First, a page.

Can the state really terminate my parental rights? 6 Answers as of April 29, 2014

I was locked up and my kids went to foster care. I am currently out of jail and it has been almost 2 years going to all my appointment and visit one child once a week. I have three. I went to court today and they want to terminate my right, I want my kids back and not willing to give my kids up. Can the state do this?

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Borzilleri Law Office | Christine Borzilleri
Generally Yes. The state can petition to terminate parental rights if, after a period of time they do not feel that the parent has the ability to be fit and proper to have custody returned to them. There can be many reasons behind their assertion, however if you do not agree to voluntarily terminate your rights/consent to a open adoption, the state must conduct a trial and prove to a judge that their assertion is true. A competent family law attorney who regularly represents clients involved in state care cases should be able to assist you in a trial.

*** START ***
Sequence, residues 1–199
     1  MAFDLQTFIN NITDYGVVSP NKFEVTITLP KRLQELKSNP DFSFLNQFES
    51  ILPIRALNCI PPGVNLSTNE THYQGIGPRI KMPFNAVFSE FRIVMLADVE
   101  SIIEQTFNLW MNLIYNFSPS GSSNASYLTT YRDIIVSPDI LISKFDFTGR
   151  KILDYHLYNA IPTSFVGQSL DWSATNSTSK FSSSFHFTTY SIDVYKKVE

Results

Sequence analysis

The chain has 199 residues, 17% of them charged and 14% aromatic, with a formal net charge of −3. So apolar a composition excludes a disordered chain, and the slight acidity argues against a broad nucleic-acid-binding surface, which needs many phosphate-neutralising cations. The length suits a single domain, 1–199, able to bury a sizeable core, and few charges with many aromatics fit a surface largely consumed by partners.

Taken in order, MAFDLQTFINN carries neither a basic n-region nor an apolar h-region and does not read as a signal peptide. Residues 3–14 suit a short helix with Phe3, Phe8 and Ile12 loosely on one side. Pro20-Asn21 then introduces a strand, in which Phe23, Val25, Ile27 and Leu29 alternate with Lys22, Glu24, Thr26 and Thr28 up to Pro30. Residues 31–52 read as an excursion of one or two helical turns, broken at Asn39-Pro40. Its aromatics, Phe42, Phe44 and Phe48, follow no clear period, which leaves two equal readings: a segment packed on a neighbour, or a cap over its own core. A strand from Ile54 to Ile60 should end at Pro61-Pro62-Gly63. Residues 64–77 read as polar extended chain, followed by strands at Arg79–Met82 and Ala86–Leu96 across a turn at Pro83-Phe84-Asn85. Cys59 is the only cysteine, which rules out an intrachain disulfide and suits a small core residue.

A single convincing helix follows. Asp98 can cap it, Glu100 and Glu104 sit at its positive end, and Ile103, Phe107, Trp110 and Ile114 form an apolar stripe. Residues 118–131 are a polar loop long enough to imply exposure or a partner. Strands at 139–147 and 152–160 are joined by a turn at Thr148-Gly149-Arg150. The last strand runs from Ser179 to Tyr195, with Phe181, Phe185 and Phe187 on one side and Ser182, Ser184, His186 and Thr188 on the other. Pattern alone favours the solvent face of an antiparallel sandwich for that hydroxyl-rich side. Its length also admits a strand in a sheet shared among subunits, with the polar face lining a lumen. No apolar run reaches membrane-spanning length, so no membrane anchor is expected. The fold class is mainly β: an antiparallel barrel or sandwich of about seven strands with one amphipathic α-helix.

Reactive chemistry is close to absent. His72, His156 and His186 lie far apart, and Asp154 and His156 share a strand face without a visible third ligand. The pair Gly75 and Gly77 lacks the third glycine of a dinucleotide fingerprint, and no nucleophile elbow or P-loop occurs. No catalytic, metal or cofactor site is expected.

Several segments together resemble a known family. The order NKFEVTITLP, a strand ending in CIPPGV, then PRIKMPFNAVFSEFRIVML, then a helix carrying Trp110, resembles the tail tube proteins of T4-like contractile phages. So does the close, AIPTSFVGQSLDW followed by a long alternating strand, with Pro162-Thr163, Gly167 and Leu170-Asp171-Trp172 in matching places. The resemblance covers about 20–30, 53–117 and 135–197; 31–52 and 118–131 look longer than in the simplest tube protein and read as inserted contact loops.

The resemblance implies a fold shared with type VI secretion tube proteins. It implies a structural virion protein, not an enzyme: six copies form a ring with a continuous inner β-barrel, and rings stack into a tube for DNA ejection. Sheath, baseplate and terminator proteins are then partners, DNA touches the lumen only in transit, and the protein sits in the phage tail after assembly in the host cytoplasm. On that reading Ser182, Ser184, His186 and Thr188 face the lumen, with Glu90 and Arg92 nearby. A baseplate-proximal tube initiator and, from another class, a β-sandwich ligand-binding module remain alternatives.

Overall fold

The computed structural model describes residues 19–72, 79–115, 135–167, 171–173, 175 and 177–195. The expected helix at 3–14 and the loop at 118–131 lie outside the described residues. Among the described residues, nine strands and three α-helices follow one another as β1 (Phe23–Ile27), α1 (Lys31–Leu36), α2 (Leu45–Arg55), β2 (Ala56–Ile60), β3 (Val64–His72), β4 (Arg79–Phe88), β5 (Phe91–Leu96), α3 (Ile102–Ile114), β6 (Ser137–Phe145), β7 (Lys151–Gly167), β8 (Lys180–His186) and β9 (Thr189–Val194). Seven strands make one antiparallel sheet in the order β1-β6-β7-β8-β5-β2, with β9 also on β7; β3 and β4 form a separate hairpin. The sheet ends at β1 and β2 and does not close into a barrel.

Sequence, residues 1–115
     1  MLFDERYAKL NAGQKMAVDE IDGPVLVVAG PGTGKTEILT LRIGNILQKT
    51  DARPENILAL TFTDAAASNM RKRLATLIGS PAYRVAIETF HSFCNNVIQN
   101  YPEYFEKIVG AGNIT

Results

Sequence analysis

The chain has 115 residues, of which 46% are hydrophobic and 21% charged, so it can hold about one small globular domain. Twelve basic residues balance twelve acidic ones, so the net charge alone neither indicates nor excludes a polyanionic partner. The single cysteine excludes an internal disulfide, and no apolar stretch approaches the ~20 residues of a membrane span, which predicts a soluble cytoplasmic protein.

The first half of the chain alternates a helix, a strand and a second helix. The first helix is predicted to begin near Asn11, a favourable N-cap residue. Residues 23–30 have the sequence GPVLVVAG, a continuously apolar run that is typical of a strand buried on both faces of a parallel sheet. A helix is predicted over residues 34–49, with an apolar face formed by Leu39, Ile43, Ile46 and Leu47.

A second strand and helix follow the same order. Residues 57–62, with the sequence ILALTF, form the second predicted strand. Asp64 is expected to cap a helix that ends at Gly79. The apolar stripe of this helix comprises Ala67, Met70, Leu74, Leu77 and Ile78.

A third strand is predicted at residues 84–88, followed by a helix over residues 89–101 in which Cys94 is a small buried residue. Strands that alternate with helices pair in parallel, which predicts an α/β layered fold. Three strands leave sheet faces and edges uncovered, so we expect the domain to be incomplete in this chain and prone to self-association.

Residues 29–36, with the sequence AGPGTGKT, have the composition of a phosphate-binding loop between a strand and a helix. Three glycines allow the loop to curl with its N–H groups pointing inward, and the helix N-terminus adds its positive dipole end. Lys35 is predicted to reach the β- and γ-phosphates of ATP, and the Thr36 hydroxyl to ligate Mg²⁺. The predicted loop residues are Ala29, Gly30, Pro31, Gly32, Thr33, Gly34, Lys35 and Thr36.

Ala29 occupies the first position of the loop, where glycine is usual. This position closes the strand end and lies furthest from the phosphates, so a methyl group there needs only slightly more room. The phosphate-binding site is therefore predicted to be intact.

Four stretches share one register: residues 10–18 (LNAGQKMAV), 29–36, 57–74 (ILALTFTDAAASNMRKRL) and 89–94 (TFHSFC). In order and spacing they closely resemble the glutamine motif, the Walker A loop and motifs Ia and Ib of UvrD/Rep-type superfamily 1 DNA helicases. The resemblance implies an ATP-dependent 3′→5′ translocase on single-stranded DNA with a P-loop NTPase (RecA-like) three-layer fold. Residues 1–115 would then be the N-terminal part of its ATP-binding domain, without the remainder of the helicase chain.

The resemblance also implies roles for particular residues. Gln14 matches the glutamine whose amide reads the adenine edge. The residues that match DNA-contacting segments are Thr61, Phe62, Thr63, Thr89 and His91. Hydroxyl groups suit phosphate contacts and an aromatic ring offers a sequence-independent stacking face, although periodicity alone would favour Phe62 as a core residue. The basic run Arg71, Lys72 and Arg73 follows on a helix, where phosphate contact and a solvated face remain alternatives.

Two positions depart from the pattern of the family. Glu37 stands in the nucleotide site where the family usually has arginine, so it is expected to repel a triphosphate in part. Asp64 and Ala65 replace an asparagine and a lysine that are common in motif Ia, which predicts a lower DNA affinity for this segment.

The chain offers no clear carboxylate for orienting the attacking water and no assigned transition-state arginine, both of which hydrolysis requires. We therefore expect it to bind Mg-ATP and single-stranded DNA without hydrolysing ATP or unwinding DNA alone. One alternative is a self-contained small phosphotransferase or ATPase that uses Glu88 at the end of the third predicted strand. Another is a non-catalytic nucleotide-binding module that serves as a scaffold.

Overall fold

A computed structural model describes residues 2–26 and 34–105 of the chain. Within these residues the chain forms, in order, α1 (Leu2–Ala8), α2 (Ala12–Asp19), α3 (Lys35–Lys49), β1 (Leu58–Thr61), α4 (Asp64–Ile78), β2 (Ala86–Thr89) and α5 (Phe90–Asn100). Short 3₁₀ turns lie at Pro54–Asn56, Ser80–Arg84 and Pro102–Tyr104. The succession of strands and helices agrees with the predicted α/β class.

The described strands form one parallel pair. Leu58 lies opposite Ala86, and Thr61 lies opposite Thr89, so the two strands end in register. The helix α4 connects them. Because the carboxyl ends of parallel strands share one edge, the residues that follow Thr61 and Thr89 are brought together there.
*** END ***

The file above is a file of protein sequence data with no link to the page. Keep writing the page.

Answer Applies to: Rhode Island
Replied: 4/29/2014
Law Offices of Helene Ellenbogen, P.S.H | Helene Ellenbogen
Yes, because you have clearly not been able to care for them for multiple years.
Answer Applies to: Washington
Replied: 4/29/2014
Peters Law, PLLC
Peters Law, PLLC | Mark T. Peters, Sr.
Yes, if it proves that you are unfit to raise the children. You should have an attorney appointed for you to help you understand the process.
Answer Applies to: Idaho
Replied: 4/29/2014
John Russo | John Russo
No they are only joking, of course they can! So you may not have been as cooperative as you claim.
Answer Applies to: Rhode Island
Replied: 4/29/2014
D. R. Phillips Law Firm, LLC
D. R. Phillips Law Firm, LLC | Randy Phillips
The state can terminate your rights after a trial before a District judge and he rules such. You have the right to an attorney in such a case. If you can't afford one then the Court will appoint one for you.
Answer Applies to: Alabama
Replied: 4/29/2014
    Petit & Dommershausen SC
    Petit & Dommershausen SC | Tajara Dommershausen
    If the children have been out of the home for more than 15 of the last 22 months, they are federally mandated to start termination proceedings if they don' think you will get them returned within the next six months.
    Answer Applies to: Wisconsin
    Replied: 4/29/2014
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